July 3 (UPI) -- A federal judge Tuesday gave Puerto Ricans in emergency housing after Hurricane Maria's wreckage in September another 20 days to find a permanent home.
U.S. District Judge Timothy Hillman has extended the Federal Emergency Management Agency program to July 23, pending further court action, according to a release from LatinoJustice, Puerto Rican Legal Defense and Education Fund, which filed the lawsuit.
The decision comes after U.S. District Judge Leo T. Sorokin of Massachusetts blocked FEMA from ending the program Saturday. The Temporary Shelter Assistance has allowed people whose homes were severely damaged by Maria to stay in hotels and motels across the United States for free.
Plaintiffs said FEMA's response has been "inadequate" and the end date has been "arbitrary," as up to 2,000 people were enrolled in the program on the mainland U.S. on the eve of its termination, WBUR reported.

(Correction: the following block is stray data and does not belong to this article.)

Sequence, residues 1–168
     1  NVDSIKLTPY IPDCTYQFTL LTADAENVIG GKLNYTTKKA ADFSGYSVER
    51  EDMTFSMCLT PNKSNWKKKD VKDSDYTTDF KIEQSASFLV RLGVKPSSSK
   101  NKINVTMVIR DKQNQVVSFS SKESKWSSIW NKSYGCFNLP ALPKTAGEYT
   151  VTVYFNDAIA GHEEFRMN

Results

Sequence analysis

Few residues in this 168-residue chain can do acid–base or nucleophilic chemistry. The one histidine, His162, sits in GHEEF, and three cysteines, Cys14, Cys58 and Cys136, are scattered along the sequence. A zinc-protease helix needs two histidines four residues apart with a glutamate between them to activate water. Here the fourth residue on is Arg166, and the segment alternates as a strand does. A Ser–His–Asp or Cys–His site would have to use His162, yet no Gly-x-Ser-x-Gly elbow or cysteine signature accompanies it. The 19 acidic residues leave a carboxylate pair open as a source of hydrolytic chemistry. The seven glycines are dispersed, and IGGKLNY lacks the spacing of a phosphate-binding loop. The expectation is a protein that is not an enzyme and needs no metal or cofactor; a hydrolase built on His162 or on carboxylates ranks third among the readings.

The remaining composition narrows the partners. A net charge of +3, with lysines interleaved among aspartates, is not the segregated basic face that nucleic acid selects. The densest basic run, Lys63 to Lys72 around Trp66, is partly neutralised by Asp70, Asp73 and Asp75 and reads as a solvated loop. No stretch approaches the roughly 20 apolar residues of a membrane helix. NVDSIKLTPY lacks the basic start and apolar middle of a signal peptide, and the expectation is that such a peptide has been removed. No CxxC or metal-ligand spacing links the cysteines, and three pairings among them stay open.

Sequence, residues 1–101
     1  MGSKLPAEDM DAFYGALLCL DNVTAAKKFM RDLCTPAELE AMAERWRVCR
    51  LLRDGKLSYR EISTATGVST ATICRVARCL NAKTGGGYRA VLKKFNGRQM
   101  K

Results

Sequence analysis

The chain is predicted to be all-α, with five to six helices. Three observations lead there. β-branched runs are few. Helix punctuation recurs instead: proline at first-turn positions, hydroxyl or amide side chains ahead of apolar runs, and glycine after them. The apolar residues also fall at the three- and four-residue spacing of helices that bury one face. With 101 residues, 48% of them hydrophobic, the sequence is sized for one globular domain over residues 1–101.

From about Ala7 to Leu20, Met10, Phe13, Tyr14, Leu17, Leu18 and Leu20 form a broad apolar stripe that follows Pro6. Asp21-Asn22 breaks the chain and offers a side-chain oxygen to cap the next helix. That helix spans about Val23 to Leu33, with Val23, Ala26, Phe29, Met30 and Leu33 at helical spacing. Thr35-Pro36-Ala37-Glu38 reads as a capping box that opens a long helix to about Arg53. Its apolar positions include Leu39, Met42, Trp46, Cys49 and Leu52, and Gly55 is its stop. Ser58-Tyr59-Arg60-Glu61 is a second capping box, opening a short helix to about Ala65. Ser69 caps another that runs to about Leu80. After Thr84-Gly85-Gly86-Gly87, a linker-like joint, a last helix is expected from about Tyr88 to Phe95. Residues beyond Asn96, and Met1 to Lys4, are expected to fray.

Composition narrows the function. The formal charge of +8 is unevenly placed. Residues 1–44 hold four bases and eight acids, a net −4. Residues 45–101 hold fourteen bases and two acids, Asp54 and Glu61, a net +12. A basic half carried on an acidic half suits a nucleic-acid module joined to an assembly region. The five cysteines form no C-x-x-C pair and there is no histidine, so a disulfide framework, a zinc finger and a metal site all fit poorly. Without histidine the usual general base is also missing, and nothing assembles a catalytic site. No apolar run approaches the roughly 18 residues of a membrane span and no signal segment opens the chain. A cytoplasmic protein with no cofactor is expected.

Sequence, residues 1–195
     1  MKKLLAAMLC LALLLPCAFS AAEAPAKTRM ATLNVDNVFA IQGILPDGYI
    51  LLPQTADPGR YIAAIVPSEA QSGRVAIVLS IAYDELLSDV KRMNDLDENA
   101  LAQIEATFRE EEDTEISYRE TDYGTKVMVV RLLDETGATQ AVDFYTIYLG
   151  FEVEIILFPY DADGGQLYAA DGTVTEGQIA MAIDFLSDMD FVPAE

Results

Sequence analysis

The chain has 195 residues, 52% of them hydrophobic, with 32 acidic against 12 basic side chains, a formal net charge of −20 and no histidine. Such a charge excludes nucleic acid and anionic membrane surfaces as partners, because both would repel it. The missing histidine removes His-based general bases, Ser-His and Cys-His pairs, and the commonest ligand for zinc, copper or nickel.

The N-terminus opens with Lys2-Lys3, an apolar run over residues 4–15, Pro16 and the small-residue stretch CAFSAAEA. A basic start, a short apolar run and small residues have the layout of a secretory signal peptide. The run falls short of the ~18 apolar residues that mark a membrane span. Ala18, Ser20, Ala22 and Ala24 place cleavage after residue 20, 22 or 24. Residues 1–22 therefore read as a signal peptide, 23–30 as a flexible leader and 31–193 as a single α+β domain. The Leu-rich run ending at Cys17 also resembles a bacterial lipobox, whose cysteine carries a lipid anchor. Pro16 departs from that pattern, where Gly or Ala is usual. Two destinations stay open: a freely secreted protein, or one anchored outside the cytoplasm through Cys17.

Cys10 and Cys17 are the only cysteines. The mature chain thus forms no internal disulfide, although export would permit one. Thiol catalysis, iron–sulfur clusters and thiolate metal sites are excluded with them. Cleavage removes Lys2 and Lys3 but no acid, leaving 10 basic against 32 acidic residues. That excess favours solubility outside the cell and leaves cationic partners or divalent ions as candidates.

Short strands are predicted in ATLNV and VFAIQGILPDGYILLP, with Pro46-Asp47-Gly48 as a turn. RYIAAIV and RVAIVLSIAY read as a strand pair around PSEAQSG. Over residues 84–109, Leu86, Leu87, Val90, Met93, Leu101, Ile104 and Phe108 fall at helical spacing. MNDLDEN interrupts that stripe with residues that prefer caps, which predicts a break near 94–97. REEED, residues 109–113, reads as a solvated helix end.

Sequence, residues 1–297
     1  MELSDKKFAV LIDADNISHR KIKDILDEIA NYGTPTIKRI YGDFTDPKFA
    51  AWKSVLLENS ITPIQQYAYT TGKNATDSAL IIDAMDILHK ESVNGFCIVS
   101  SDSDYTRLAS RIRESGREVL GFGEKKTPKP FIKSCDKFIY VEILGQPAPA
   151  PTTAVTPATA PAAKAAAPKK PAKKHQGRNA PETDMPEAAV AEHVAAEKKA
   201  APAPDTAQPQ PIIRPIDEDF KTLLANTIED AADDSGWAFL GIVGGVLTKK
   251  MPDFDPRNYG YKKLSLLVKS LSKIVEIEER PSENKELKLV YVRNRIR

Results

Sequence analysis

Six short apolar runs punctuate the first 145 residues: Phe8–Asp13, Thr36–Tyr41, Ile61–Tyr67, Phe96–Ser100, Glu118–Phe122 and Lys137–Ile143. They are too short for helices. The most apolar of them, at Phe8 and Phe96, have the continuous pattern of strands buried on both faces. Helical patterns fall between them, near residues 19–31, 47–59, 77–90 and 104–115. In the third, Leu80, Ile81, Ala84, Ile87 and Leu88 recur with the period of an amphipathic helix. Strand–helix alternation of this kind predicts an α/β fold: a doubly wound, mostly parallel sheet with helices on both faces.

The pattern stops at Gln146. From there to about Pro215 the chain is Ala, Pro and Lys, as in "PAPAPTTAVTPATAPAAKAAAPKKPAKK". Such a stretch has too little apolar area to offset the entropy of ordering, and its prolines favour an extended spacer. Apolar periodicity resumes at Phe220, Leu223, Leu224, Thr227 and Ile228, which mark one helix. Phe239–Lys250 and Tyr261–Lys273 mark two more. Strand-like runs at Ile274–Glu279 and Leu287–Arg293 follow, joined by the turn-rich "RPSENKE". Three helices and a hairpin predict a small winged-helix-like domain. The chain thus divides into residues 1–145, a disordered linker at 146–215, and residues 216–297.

"It's inconceivable that disaster victims have to continue to bring FEMA to court to force them to uphold their mandate and not discontinue the most basic aid to entire communities that have suffered through unimaginable disasters," said Natasha Lycia Ora Bannan, an attorney for LatinoJustice PRLDEF. "Fortunately, the court recognized the severity of the situation and the devastating consequences to evacuees who've already been displaced from their homes in Puerto Rico and is allowing them to stay in their hotels - a decision FEMA should've made on their own. This is not the first time FEMA has acted arbitrarily to cut off critical disaster relief to communities of color, though we hope it will be the last."
FEMA spokesman William Booher announced on social media that FEMA will comply with the order.